Blockchain technology is coming to the jewelry industry, and it’s coming fast. Ultimately, this means absolute trace-ability of every element in the jewelry supply chain; from the mine, to the refinery, to the alloy manufacturer, to the production company, the retailer, and on to the consumer. But we’re still years from that level of supply chain cooperation. You may have heard of blockchain technology as the technology behind internet currencies like Bitcoin. But blockchain can be used to track any virtual or physical good from one place to another, as long as all the participants in the chain-of-custody have access to a blockchain platform, and reliably enter their transactions into it. This type of supply chain transparency will go a long way to reassuring consumers concerned about the jewelry industry’s impact on the world, and will be a huge relief to jewelry businesses everywhere that are struggling to buy and manufacture responsibly.
So how does it work? If you’ve ever watched a police procedural television show, you’ve seen how evidence is passed from hand-to-hand, carefully recording each person who touches it along the way. Evidence is bagged, tagged, and signed off on at each step, to preserve the integrity of the evidence from collection to trial.
That’s what blockchain does. It tracks raw materials – like gold or diamonds — from the mine, to the refiner (for metals) or gem cutter, through distributors and manufacturers, to the retailer, and on to the consumer. Only, instead of keeping a paper log, the raw material is assigned a serial number, and data is entered into the supply log, or digital ledger, as it moves from place to place, throughout the material’s transformation. Blockchain systems cannot be edited and they are extremely secure, so the data that is entered for each step of the process is permanent.
Having a hard time picturing this? Let’s walk through one possible scenario. Imagine a bucket filled with lumps of gold, freshly dug out of the ground. The family* that works this piece of ground has been certified; they’re not using child labor, and they are fully trained in and practicing safe and environmentally sound practices. *(Tens of millions of artisanal miners make up most mining operations around the world.)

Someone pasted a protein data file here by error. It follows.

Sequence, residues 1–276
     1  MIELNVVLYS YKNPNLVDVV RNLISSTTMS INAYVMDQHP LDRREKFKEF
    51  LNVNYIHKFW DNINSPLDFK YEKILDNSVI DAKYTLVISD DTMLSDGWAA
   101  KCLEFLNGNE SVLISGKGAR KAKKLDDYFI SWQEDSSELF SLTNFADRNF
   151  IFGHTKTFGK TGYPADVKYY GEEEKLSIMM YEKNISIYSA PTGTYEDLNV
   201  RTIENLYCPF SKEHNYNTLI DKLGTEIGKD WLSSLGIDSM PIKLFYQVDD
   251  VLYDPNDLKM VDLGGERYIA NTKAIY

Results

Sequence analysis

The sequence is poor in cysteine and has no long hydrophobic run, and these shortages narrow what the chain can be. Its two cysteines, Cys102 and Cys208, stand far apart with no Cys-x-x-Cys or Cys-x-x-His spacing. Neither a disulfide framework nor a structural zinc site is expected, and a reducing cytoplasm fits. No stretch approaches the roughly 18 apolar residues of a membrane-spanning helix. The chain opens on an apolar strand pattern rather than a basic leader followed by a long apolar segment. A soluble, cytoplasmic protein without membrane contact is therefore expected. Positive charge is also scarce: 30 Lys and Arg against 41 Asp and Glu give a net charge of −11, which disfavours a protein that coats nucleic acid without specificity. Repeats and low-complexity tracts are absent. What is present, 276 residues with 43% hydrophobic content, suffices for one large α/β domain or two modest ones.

That bucket of gold is bagged, sealed, and assigned a serial number. The person managing this process signs into a blockchain application on her smartphone, and logs the batch. After this step, the raw gold moves on to the next stage in the supply chain.
Things get a little more challenging at the next step. The gold moves along to a refinery, which typically refines huge lots of gold from dozens of sources in each batch. Now, the serialized raw gold must be refined as an isolated batch, to maintain visibility to its point of origin. The refiner logs into his company computer system, which communicates with the blockchain platform, and identifies the batch before and after refining. The refined metal is repackaged, along with the original serial number. Then it moves on to a production facility.
Let’s say that production facility is making wire. The refined gold stays together as a serialized batch. When the production manager takes possession of the refined gold, he uses his tablet to enter the batch information into his company computer system — which communicates with the blockchain platform. Now imagine the end of this process: Large coils of shiny gold wire sitting on a pallet. Each coil’s tag includes a bar code that reaches back to the original serial number, and the computer system communicates with the blockchain app that the refined gold has been transformed into wire.
The wire coils are shipped off to manufacturers and distributors, who enter the serial numbers into their computer systems as part of the inventory receiving process. Many distributors don’t sell entire coils of wire – they sell the wire in varying lengths to smaller producers. Each order of wire they ship is accompanied by the serial number of the batch – which was stored in their ERP system and automatically communicated with the blockchain platform. The bar code that prints on the product tag, invoice, and packing slip contains the digital links to the original raw gold.
Jewelry manufacturers enter the serial number of each length of wire into their own inventory receiving systems – which transmit logs to the blockchain platform. They transform the wire into finished jewelry. Once they produce each final jewelry item, they log the serial number of the gold that went into it – along with the serial numbers of any other metals or gemstones that were used. The consumer who buys the piece can be assured about the provenance of the materials that were tracked through the blockchain, and can even learn about the origins of each element.